Movie Review – Macbeth
Category : Movie Review
Director: Justin Kurzel
Macbeth combines a plethora of individually magnificent pieces in the hope that they will fit together to become a perfect puzzle. First, one of the most well-read dramatic war & betrayal stories every written, a Shakespeare classic that became much more than a simple play years ago. Next, a brutal style that has proven popular & effective in the past, from Braveheart to Saving Private Ryan, realistic deaths in the midst of true heart. Also, two European giants who have become household names in America in Fassbender & Cotillard, a team that brings spectacular acting to every film they touch. And lastly, a gritty & artistic vision meant to bring this tale into the 21st century, crafting something that is at once modern cinema and throwback theatre. But while Macbeth succeeds in all areas, it stops just short of its early Oscar buzz, disappointing those who wished it to be more than simply solid.
Scotland is at war, the king Duncan fighting against a rebel force led by Macdonwald. At the brink of collapse, Duncan sends his last troops into battle under the command of Macbeth, who wins the war and beheads the usurper. On the battlefield, Macbeth is visited by a group of witches, weird sisters who prophesied that he would become Thane, then King, then defeat every man born of woman. And so when Macbeth is named Thane of Cawdor to replace a traitor, he & his ambitious wife see it as a sign of glory to come. Taking fate into their own hands, the couple conspire to kill King Duncan, root out his supporters, take the throne, and reign supreme. But bloody betrayal will haunt Macbath & Lady Macbeth to the end of their days, an inevitable future that they have sped toward with their own actions.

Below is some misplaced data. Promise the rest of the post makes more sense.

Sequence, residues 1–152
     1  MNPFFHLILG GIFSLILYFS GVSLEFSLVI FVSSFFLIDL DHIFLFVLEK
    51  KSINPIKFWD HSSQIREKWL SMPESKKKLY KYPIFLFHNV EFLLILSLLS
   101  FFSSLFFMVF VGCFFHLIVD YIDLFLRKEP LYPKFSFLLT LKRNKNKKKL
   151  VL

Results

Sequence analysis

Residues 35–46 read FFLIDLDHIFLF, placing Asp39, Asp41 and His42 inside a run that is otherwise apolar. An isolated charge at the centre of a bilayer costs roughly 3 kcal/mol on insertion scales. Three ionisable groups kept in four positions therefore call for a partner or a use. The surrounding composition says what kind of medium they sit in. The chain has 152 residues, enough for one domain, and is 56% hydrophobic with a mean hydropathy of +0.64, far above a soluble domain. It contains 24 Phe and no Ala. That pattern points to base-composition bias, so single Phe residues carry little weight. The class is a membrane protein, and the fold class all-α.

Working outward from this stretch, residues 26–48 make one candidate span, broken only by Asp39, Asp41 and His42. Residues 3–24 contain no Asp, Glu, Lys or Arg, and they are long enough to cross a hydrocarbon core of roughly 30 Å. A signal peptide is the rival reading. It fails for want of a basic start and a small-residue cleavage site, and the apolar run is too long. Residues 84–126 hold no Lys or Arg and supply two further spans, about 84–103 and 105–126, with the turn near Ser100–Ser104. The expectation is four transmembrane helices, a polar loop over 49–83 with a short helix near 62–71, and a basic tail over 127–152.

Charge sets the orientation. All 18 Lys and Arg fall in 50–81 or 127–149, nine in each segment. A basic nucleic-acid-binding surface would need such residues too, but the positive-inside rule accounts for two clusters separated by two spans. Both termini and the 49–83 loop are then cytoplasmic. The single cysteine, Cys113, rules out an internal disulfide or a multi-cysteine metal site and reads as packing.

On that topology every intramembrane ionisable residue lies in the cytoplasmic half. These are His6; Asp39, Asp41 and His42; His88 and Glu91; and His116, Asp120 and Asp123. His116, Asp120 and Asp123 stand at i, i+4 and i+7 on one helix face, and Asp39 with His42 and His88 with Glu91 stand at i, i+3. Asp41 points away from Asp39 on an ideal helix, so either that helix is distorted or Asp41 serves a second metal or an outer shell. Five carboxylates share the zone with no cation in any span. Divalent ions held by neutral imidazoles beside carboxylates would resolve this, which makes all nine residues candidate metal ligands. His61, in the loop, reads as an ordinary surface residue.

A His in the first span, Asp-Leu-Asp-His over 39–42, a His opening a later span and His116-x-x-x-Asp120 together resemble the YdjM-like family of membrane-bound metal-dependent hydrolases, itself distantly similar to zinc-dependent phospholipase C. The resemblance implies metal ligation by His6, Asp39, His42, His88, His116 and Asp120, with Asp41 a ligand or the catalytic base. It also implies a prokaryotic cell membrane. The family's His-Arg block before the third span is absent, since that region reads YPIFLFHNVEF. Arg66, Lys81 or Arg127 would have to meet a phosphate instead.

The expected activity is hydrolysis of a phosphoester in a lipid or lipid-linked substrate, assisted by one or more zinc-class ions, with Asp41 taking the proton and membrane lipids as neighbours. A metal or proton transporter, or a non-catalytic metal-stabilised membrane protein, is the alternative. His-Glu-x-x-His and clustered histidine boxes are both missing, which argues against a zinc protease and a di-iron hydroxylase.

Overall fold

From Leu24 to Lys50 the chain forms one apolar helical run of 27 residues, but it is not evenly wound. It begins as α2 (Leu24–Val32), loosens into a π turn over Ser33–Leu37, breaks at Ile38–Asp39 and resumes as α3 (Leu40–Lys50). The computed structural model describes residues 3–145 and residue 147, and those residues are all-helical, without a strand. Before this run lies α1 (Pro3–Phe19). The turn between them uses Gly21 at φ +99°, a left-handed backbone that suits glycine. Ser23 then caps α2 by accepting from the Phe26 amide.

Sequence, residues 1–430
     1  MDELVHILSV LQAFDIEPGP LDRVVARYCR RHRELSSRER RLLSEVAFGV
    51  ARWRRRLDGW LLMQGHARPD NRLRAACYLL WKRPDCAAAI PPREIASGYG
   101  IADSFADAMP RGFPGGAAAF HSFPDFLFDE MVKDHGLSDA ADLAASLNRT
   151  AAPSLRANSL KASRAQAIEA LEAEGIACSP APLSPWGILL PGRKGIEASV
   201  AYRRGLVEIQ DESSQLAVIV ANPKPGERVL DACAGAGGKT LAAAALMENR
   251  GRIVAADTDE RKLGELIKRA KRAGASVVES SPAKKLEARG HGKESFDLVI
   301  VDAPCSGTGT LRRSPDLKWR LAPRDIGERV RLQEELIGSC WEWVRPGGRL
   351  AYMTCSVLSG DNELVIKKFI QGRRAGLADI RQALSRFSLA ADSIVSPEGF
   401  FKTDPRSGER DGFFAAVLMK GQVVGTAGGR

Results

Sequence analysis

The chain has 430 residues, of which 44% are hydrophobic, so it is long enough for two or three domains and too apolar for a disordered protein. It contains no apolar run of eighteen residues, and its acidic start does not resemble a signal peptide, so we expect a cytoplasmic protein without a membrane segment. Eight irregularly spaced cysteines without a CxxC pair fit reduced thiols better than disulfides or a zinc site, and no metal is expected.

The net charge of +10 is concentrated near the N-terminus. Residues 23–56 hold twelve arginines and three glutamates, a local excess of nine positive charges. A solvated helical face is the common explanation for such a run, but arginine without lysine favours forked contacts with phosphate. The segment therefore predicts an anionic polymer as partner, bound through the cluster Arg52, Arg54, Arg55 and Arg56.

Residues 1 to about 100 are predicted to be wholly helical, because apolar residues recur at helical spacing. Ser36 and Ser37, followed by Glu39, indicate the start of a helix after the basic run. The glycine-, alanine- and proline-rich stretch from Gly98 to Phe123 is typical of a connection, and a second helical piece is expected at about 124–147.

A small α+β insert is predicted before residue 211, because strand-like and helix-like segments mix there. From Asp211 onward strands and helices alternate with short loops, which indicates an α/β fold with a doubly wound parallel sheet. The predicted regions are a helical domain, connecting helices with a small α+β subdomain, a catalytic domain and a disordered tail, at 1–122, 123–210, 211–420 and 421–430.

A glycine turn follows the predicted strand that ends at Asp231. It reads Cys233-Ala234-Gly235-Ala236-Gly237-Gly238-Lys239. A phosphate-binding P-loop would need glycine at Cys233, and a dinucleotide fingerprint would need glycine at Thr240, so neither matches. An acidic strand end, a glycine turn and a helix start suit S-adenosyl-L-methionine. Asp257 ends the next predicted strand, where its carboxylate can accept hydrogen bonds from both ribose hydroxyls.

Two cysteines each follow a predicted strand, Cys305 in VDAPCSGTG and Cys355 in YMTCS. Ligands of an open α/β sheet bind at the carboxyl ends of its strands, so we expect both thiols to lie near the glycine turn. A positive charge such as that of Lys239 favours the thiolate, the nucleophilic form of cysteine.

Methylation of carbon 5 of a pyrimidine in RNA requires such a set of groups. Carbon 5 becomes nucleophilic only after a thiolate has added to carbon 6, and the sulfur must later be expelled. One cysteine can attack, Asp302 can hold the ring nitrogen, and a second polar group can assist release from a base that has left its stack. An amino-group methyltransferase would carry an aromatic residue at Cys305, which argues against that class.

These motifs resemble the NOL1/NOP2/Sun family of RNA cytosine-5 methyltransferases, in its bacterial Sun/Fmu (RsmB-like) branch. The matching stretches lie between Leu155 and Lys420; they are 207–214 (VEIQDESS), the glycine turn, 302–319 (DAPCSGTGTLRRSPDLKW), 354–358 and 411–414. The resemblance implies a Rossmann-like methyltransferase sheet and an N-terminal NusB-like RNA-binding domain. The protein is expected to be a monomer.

We begin with the good, which is almost every aspect, at least to those with patience and a discerning eye. Macbeth is, at its core, a very simple and well-written (of course) story of far-reaching ambition and the pitfalls of power. Macbeth aspires to be greater than he is at any given moment, his wife spurs him on, and those who do not comply with their vision will face certain death. The plot is solid, the characters legendary, and Shakespeare’s masterpiece has perhaps never been presented better. Kurzel directs while leaning toward the visual, making every scene sparkle, whether muted or bright, creating portrait after portrait of still frames that we should count ourselves lucky to view. The color, the clarity, the slow building of intensity in each moment; he got the mood right, presenting the tale with appropriate drama & darkness.
But at the same time it was this darkness that kept the film from becoming something magically affecting, that held it down as a standard when what we wanted was something a bit more original, perhaps even Hollywood. It feels sacrilegious to say, but what the film craved was a bit more light, more appeal, a tiny taste of normalcy for audiences to savor while adjusting to the classic format & language. Because this is still Shakespeare, still heavy, still laden with difficult speech, and still a bit of an effort to focus on for hours on end. Give Fassbender credit for playing Macbeth perfectly, allowing us access to the character through lines & expressions that made the man a relatable figure. Cotillard was more over-indulgent, coming across as an actress given a desirable role, not one who was necessarily made for it. Paddy Considine, David Thewlis, Sean Harris; all strong, all well-fitted. But the film as a complete package was only a very nice, moody, bloody, artistically well-orchestrated take on Macbeth, not something that stood alone as a singular award-winning entity.
My rating: ☆ ☆ ☆ ☆